Craig Levein must keep Jordan Rhodes en route to Hampden

By Annie McGuireBBC Sport Scotland
Jordan Rhodes
Jordan's Scottish education means he qualifies to play for Craig Levein's side.

Cairneyhill Primary School's place in Scottish football history may not be immediately apparent, but Craig Levein's latest squad announcement means the village school could yet play a significant role in the game's future.

It was here that five-year-old Jordan Rhodes started school in 1995, briefly picked up a Fife accent before leaving in Primary 5 to return to his native England.

But - as he packed up his jotter for the last time, little did the 10-year-old son of Dunfermline goalkeeper Andy Rhodes know that he had done just enough to earn the right to play for Scotland, under rules to be introduced years later by football's governing body Fifa.

Despite his English lineage, five years of Scottish education means Scotland can select the striker, despite interest from south of the border.

Andy Rhodes
Jordan's father Andy Rhodes played for Dunfermline in the 1990s.

And it is easy to see where that interest has come from.

Already involved with Scotland at under-21 level, Rhodes has scored five goals in the last two games for Billy Stark's side in an overall run of 14 goals in six games, including sparkling form for club side Huddersfield.

His goal-scoring prowess is not new though. Signed by Ipswich from Barnsley for £5,000 at the age of 15, Rhodes scored over 40 goals in his first season with the club's academy. He was also called up to the England under-17s but pulled out through injury.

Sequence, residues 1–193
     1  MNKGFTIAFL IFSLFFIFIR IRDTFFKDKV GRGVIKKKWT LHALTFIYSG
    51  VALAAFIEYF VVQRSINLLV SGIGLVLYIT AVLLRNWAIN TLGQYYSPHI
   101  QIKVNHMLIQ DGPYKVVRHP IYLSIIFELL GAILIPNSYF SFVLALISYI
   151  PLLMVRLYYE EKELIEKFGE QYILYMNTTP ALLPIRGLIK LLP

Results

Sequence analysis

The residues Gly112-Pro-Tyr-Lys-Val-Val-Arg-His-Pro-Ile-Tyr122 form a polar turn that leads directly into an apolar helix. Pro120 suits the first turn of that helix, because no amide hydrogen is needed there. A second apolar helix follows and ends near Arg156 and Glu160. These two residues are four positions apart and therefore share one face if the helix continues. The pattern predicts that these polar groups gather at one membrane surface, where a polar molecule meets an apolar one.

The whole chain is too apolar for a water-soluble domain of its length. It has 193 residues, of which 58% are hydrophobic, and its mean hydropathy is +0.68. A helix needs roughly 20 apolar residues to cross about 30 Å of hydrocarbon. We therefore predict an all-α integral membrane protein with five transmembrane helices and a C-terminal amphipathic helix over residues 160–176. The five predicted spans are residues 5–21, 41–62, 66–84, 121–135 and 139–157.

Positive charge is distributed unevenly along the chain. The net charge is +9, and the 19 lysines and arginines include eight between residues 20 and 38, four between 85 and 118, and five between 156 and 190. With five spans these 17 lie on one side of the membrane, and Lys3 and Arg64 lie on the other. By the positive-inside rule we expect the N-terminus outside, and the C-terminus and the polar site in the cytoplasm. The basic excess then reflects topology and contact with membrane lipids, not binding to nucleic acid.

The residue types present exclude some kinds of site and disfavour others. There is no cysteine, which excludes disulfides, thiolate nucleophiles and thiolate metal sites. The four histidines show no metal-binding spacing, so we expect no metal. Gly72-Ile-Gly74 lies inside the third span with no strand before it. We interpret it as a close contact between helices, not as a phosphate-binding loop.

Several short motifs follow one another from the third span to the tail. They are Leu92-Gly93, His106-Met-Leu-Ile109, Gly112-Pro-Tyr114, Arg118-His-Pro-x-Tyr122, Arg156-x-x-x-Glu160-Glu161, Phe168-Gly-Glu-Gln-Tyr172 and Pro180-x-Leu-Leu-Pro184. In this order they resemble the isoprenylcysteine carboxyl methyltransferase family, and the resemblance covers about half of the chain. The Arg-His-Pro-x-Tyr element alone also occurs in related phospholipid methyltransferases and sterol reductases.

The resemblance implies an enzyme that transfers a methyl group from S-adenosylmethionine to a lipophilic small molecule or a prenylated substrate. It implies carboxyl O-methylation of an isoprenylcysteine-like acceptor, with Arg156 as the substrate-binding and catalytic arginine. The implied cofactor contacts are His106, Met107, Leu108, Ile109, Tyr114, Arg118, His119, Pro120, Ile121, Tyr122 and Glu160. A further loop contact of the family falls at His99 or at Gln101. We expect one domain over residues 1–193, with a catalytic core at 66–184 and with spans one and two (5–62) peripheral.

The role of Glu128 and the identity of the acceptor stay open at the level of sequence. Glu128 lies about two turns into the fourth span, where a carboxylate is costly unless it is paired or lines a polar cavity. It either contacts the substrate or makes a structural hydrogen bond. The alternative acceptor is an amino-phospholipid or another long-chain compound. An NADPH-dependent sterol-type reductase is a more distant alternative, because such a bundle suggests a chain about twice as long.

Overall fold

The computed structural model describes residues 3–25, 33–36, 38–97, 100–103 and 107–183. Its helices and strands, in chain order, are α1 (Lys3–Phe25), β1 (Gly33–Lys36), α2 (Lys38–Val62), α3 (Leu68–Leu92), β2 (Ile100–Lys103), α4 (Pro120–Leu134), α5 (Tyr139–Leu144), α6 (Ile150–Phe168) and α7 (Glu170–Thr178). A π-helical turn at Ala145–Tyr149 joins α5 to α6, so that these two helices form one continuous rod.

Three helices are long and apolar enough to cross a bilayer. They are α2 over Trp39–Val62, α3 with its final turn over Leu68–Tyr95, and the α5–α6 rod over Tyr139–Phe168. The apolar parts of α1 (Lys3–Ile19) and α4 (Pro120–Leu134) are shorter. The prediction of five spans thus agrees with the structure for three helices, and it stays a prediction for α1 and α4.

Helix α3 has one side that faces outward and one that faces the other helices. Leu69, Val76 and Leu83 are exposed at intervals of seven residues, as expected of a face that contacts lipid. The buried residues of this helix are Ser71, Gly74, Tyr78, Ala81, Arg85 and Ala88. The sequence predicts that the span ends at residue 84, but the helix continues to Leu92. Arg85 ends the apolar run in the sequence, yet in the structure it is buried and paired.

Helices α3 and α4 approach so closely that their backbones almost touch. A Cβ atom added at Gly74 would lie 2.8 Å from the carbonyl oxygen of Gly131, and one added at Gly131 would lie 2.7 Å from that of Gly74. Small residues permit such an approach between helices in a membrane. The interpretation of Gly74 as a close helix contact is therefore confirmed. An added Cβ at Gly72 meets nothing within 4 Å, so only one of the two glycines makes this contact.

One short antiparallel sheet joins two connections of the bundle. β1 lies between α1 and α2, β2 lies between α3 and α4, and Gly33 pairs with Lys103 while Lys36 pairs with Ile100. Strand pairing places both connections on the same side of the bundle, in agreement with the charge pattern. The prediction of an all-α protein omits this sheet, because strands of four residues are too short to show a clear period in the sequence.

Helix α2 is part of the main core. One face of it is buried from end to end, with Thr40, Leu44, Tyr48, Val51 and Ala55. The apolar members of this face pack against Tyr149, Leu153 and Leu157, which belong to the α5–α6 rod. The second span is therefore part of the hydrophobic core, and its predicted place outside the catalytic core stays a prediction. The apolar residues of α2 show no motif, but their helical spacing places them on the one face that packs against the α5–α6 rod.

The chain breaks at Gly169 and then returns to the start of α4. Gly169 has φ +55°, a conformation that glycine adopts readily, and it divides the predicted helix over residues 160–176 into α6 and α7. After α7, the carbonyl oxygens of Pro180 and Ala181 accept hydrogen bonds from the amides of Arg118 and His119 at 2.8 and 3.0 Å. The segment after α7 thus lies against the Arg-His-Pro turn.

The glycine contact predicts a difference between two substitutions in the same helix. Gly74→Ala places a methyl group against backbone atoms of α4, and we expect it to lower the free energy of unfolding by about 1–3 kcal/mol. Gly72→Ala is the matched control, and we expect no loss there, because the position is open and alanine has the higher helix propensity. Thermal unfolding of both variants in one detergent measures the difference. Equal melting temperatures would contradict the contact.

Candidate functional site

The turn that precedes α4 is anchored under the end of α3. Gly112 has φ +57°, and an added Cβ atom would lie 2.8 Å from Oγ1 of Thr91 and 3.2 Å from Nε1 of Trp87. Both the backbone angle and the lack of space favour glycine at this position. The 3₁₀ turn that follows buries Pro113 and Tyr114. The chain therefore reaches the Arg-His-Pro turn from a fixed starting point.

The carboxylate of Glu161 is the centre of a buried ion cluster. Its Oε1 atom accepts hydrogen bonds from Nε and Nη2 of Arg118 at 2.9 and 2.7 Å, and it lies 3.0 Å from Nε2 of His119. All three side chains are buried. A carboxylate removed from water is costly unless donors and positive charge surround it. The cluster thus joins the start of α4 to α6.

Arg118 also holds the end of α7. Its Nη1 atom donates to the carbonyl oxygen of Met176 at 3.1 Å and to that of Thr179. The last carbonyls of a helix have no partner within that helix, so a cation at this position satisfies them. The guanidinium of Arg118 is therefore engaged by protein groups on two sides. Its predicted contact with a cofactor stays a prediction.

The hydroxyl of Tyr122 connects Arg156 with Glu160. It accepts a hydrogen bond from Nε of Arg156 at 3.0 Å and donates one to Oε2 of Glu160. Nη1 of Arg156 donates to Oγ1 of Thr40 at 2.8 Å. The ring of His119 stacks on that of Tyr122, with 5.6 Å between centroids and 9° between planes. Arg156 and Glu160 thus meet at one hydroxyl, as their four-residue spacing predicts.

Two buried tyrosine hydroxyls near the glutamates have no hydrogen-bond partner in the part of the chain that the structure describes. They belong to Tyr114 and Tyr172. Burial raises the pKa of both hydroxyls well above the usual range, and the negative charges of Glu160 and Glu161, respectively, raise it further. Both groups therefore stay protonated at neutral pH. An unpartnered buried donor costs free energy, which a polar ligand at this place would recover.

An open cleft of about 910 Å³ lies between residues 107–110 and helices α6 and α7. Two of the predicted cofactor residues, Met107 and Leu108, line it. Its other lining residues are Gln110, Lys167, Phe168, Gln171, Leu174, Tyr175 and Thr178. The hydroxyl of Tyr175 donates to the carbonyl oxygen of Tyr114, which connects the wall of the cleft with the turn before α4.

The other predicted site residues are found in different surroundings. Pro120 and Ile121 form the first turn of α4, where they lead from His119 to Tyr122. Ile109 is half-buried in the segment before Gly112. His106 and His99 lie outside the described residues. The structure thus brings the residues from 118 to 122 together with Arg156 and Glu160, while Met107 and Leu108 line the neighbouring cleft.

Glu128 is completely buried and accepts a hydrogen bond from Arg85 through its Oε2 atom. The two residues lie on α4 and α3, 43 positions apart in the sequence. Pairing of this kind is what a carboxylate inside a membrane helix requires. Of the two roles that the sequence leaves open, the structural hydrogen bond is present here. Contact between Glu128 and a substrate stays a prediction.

Even playing in Scotland's friendly against Cyprus in November won't end his chances of an England call up.

For that, Rhodes will have to pull on the dark blue in a competitive fixture - a commodity in short supply for Levein at the moment.

With World Cup qualifying 10 months away, the Scotland boss may face a nervous wait to see if he can fend off his English neighbours' advances. Levein, though, is clear on the quality of the player he's eager to secure.

"His record recently is phenomenal," Levein told BBC Scotland. "He has improved enormously over the last couple of years, he has some very instinctive finishes.

"He comes alive round about the penalty box but his game has improved an awful lot outside the penalty box in this last year or so."

Former Falkirk midfielder Scott Arfield sees that striking ability at close range, as the Scot is also a regular in Lee Clark's Huddersfield team, and he says Rhodes is terrorising League One defenders on a regular basis.

"His goal ratio really speaks for itself in recent weeks," Arfield said.

"He's a natural goalscorer with good pace, and definitely has the ability to use either foot.

"He's a joy to play with from a midfielder's perspective. It's a privilege to play with someone with that kind of ratio and I don't think there are many players who have played with a player of that calibre.

"There were rumours down here that Stuart Pearce and Fabio Capello [England assistant and head coach respectively] were keeping an eye on his progress and I think it only stands us in good stead that he's involved with Scotland. What we want to do is go to major tournaments and I think Jordan will be a major part of that success."

But while Rhodes will be picking up a Scotland jersey again in a couple weeks time, Arfield has no doubt that the Fife accent was left in the playground in Cairneyhill.

"He's definitely not Scottish in his accent. That's probably the least Scottish thing about him. He's very thick Yorkshire, but I don't think that will matter. If he puts the ball in the net, who cares."

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